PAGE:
Resting Pumps and Motors?

Pumps and motors are designed for continuous operation and do not need to rest. This means theywill last longer if they run continuously than if they “cycle” off and on. Motors that are coasting along at lowamperage 24 hours a day will use less electricity than the same motor pulling full load and cycling on and offevery 10 minutes or so. Most motor and pump failures occur during start up. Starting current can be sixtimes normal running amperage. Start up tests every component of the pump and motor. Windings, bearings,shafts, impellers, splines, couplings, panels, even the generator at the power company are all tested each timea pump starts. All of these problems go away once the motor is up and running. Common sense would suggestthat the fewer times it starts and stops, the longer a motor and pump will last.

Soft Start Equipment?

Some electric companies require soft starts on larger horse power systems. Cycle Stop Valves willcompletely eliminate water hammer with or without electrical soft start equipment and will also provide thesame no load start up comparable to any electrical soft start equipment. This will reduce the electric bill if ademand charge is included.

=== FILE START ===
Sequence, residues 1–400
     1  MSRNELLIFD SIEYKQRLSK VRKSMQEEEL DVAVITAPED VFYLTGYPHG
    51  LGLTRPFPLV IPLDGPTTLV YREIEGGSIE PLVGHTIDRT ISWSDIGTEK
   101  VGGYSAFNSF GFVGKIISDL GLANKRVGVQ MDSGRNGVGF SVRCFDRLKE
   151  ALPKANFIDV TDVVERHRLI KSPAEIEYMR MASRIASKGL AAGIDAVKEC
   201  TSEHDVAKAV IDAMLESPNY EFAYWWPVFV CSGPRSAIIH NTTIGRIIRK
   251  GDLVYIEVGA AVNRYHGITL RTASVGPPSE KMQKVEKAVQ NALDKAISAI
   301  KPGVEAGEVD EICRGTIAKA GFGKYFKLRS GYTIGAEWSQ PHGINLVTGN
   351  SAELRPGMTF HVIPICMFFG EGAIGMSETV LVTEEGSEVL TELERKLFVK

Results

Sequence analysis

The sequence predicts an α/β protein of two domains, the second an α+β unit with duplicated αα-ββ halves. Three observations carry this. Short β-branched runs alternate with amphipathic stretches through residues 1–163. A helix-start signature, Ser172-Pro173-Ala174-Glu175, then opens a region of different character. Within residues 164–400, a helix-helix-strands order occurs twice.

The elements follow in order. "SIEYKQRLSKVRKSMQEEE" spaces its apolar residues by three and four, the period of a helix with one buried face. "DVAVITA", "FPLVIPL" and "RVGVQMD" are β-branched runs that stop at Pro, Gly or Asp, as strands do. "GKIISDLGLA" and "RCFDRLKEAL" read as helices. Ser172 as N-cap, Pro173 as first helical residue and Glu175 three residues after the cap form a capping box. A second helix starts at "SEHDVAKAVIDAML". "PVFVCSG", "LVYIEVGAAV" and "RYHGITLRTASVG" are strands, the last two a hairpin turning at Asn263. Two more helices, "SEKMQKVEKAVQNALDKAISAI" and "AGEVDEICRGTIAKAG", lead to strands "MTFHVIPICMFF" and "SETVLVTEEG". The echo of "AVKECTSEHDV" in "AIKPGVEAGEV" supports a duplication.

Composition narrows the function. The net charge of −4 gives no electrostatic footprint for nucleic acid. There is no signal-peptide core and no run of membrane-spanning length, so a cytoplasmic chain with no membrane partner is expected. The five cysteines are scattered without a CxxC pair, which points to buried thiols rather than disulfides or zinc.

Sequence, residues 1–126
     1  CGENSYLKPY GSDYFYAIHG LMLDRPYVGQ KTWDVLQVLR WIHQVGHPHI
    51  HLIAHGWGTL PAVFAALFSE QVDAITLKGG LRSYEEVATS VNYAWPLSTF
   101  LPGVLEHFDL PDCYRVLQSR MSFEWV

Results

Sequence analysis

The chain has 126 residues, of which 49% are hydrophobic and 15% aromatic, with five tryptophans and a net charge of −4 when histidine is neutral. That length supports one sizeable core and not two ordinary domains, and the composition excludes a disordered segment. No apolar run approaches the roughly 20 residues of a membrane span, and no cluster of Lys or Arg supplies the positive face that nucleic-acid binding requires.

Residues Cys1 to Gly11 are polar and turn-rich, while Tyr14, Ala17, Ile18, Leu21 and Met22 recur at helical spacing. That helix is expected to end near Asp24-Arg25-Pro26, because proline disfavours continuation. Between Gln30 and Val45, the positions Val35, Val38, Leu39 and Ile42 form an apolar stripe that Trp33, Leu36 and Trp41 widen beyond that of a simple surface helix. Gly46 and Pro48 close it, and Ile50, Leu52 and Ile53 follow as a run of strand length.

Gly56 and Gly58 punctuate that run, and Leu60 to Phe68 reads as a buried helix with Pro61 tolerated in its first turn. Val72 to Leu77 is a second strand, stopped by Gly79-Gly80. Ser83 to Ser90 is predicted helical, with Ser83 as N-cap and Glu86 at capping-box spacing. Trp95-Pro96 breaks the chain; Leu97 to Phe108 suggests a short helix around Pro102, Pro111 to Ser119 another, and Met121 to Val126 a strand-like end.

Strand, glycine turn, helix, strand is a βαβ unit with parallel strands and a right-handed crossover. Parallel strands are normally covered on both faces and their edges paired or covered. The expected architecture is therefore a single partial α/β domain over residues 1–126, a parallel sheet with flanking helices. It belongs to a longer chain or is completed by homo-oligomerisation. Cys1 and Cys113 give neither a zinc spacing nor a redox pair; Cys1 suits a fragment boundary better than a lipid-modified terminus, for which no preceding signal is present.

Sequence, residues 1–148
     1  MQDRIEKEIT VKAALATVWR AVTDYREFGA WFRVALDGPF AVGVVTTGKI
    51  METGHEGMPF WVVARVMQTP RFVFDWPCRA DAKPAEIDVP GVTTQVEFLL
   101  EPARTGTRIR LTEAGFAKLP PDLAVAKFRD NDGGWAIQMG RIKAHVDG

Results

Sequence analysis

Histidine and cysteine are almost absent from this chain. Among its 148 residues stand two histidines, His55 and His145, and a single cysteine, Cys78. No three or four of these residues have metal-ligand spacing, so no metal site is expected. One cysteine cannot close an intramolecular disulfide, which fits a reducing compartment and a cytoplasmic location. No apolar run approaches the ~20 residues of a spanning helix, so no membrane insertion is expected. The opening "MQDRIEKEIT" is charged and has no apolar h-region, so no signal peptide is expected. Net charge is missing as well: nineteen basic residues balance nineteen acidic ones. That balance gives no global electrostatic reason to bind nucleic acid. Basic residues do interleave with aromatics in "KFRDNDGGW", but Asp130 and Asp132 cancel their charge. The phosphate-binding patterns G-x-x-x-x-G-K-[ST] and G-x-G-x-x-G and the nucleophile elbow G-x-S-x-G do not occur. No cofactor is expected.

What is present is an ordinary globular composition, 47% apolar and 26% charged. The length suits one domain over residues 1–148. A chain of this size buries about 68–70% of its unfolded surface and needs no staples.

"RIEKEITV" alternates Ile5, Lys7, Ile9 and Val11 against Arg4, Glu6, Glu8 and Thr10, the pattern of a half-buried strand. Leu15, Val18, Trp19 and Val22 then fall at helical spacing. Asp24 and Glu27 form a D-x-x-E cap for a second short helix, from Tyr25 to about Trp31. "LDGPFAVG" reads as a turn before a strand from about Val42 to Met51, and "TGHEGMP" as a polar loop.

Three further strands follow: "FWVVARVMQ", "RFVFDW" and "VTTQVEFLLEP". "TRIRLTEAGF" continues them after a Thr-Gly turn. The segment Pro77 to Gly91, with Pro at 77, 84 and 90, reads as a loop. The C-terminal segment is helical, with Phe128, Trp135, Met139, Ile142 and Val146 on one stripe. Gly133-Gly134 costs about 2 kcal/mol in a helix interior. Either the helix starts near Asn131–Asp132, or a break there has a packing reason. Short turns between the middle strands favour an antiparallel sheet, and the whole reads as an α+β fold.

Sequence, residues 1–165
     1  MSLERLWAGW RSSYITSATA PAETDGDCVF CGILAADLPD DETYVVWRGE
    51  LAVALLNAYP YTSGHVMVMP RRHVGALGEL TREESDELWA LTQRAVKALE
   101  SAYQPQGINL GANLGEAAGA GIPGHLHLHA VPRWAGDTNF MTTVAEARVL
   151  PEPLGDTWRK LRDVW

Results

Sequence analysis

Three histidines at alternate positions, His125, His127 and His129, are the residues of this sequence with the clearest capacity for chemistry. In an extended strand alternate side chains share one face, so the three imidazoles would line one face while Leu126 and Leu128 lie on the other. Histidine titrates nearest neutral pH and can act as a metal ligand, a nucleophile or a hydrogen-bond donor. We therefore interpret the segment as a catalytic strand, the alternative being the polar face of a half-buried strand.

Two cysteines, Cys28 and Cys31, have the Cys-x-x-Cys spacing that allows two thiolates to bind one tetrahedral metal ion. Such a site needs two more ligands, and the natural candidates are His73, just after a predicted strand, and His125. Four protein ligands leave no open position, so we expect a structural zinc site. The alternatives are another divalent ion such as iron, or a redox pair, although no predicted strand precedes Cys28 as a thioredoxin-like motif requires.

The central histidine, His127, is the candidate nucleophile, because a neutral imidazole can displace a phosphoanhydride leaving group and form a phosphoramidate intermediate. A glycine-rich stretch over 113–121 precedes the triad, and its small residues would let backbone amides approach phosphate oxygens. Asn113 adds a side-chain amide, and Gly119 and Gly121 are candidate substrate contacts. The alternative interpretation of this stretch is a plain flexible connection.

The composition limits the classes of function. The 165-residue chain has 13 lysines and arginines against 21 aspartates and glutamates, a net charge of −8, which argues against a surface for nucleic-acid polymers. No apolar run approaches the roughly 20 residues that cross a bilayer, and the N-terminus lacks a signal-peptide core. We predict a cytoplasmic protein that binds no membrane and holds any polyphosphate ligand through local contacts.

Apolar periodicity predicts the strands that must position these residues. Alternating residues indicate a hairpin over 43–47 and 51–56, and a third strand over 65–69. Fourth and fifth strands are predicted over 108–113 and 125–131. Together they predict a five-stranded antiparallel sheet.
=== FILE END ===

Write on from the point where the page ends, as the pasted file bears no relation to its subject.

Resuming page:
Restricting the discharge from a pump with any valve will decrease the NPSH required.The NPSH available will increase as the flow rate decreases. Increasing the NPSHA and/or decreasingthe NPSHR reduces the chance of cavitation. Recirculating water from the outlet to theinlet of an impeller can occur at low flow. The 5 GPM bypass exiting the Cycle Stop Valve will keepthis recirculating from heating up the pump. Cavitation like wear can occur if the pump chosen hasa recirculating problem such as with a loose-fitting wear ring. Pumps that are made of materialswith a high tensile strength are more resistant to wear from cavitation. When equipped with anadditional pressure sustain pilot the Cycle Stop Valve can also control cavitation at high flow ratesby limiting the maximum flow from the pump.